Digital hearing aids


Digital hearing aid has hit the market in a large quantity in the last five years. At last there are twenty-two manufacturers with the digital hearing aids marketed under 40 different model names. Manufacturers are moving towards to their third or forth generation digital products. Digital hearing aids first came to the market in 1987 with two manufacturers introducing hearing aids with digital signal processing before the end of the 1980s. While high-tech for their time, these hearing aids had little success and were soon abandoned due to their large size and high battery drain. Then nearly a decade later, two separate manufacturers introduced digital hearing aids. The technology by this time has improved so that the hearing aids could be produced in arrange of new and popular styles, from behind the ear to completely in the canal. Despite of their high cost clinicians and consumers received them all.

Advantage of Digital system

It was fortunate enough for both the dispensing audiologists and patients; there are features and advanced signal processing schemes available in current digital hearing aids that have significant advantages over those found in analog instruments. The most advanced feedback reduction schemes monitor for feedback while the listener is wearing the hearing aid. Moderate feedback is then reduced or eliminated through the use of a cancellation system or notch filtering. Digital noise reduction processing is intended to reduce gain, either in the low frequencies or in specific bands, when steady-state signals are detected. Although research findings supporting the efficacy of the systems are mixed, they do indicate that the system can work to reduce annoyance and possibly improve speech recognition in the presence of non-fluctuating noise. Digital speech enhancement systems act to increase the relative intensity of some segments of speech.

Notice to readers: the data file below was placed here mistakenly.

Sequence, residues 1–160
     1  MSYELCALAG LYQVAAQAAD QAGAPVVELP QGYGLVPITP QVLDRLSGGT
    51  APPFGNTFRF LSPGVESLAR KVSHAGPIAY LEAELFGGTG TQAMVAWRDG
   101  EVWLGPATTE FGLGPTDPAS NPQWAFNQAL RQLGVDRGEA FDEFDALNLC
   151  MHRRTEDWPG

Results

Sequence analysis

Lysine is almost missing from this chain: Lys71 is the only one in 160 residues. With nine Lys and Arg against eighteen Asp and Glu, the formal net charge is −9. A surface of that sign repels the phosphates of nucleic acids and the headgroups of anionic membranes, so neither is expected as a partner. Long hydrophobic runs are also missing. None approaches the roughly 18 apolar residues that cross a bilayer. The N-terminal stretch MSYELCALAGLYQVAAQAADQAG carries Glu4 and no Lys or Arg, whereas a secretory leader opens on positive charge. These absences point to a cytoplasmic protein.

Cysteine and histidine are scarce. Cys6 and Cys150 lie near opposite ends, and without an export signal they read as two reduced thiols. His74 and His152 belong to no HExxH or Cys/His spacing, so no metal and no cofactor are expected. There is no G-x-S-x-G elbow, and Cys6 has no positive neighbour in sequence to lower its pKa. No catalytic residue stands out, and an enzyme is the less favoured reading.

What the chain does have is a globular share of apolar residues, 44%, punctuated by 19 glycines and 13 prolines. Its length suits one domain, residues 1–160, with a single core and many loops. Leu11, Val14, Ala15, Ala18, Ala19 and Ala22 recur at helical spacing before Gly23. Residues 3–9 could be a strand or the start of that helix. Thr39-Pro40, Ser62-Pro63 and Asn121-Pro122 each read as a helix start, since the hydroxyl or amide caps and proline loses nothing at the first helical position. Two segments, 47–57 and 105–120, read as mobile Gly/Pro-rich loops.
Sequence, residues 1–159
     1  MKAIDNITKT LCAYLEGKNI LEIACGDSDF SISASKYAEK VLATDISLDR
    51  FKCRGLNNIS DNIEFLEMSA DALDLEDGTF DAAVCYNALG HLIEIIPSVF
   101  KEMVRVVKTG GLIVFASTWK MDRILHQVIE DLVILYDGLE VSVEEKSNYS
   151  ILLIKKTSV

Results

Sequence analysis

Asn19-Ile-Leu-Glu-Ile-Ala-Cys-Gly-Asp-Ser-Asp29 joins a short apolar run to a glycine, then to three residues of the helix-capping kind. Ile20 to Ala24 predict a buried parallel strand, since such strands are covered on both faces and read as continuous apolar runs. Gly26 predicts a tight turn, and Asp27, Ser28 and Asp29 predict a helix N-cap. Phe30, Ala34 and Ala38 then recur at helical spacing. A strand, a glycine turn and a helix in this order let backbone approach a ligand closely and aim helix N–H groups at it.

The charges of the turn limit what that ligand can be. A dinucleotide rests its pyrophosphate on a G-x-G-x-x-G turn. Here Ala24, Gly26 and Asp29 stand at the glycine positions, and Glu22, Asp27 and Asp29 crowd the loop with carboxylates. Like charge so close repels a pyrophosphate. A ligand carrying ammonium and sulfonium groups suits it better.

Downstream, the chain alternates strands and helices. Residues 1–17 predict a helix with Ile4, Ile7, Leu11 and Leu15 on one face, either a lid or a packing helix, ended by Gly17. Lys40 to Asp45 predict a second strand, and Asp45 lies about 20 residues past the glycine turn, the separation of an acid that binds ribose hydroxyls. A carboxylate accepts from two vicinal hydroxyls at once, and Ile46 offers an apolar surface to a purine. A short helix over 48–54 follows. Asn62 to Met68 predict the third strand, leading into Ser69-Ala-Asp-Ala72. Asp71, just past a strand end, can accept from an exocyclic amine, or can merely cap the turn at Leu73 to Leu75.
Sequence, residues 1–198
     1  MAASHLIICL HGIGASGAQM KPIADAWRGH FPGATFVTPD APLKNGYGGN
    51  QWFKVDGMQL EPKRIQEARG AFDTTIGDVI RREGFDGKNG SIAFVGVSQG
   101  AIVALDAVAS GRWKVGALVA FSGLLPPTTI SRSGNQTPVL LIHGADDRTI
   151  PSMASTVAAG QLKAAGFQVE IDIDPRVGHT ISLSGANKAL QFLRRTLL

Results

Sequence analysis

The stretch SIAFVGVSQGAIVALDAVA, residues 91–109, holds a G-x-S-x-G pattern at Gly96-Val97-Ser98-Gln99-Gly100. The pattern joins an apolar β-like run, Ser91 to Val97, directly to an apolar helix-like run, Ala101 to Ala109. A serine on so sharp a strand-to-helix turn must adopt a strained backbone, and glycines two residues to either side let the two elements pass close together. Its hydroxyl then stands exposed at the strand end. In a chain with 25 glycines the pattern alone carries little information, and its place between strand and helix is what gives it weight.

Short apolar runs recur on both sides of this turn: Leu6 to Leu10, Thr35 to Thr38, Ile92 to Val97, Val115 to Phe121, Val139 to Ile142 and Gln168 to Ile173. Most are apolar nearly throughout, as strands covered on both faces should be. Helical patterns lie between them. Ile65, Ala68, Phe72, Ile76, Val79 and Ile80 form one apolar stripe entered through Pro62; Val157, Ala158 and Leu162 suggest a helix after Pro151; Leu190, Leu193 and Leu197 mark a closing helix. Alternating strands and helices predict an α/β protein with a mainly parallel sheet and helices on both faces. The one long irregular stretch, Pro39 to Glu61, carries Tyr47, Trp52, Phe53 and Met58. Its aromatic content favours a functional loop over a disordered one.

Digital hearing aids as signal generators

Since digital hearing aids have a DSP at their heart, they are able to generate as well as process sound. Current digital hearing aids use the capability to perform loudness growth and threshold testing in order to obtain fitting information specific to an individual person's ears in combination with a specific hearing aid. Sound levels can be verified through the hearing aid once it is fit. This technology has the potential both to increase accuracy of hearing aid fittings and potentially streamline the fitting process by reducing the need for some external equipment.

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